Next stop was with family north of Toronto; they drove me to Waterloo on Sunday, where we met the family friends, a couple, who’d agreed to host me while I was in town for Congress. One of my hosts actually works at WLU’s communications office, so I was privy to interesting non-academic perspectives on Congress and media.

Via FreeEducationMontreal.org

The first session I attended, hosted by ACCUTE, concerned critical theory in relation to current social questions of marginalization and gentrification; it also provided the first of numerous instances of delegates wearing red square fabric patches to express solidarity with the Quebec student movement. (My host and some delegates wondered aloud whether Congress might host a protest or march (between the manifencours and the spectre of censure hanging over WLU and Waterloo for their new corporate-funded research centre. I never saw any protest manifest, but then again I might have just missed it entirely based on my own schedule.)

After that session was the president’s reception, the big freeform meet-n-greet. Ran into a few people I know from Western and Guelph, including the indomitable Smaro Kamboureli, to whom I showed iPad-stored family photos in between the mobile calls she had to take, in our wave new world of augmented socializing. I introduced my RA to lots of people, but I think she found the scene something of a sensory overload. Every association gets invited to one of these receptions, and they tend to group like fields and interests, but not necessarily every association with people you know goes to the same reception you do. (Congress vets will advise newcomers, grads in particular, to go to every reception just to grab a good free meal. They’re not exactly regulated by bouncers and velvet rope.)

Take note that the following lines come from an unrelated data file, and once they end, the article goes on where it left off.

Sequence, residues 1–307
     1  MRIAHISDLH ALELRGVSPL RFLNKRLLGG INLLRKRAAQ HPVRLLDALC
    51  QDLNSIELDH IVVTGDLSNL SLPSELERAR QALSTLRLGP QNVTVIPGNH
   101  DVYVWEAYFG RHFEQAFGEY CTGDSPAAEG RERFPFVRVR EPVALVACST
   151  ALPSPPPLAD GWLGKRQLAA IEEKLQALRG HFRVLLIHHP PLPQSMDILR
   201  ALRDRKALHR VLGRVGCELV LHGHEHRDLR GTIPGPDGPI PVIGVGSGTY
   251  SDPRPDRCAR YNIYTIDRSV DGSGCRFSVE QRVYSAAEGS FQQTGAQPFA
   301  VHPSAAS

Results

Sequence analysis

For the second consecutive night of the trip I endured the dim infinitude of insomnia, taking shape between the second night in a strange bed and nerves about the busy Monday ahead. Not an auspicious start to that day’s full program. Propped up by coffee, I presented a talk on Frankenstein in pop music for an ACCUTE session on New Directions in Adaptation Studies. The venue’s AV system played wonderfully well with the iPad, and played back the music samples I’d prepared at satisfyingly high volume and definition. This year the schedule of proceedings made much more breathing room for Q & A after the papers: a welcome change, making each session more productive and interesting for those party to it. In this case, I fielded some solid primary text suggestions and theoretical questions (such as one about how to distinguish adaptation from intertextuality).

In the session right after that, I joined a special “professional concerns” panel on cynicism in academia. While my previous talk had drawn several solid comments and questions from its relatively small but focused audience, this second session was provocative, feisty even – presenters and audience alike. Although some complained it was more familiar complaining, and floated some suggestions for action against sources of academic cynicism: workforce casualization, university corporatization -the now all-too-usual suspects. One excellent but then-undeliverable suggestion was for a panel on cynicism to include a higher-up university administrator. One of my co-panelists had maybe the best ever conference paper title for his talk – complete with a corresponding Venn diagram – but I’m not stealing that thunder here since the organizer has designs on getting the panel proceedings into print (more on that as it happens). For my part, I was pleased to be able to work into my presentation a shot of Margaret Sutherland’s painting of Canada’s ruling cynic, Emperor Haute Couture.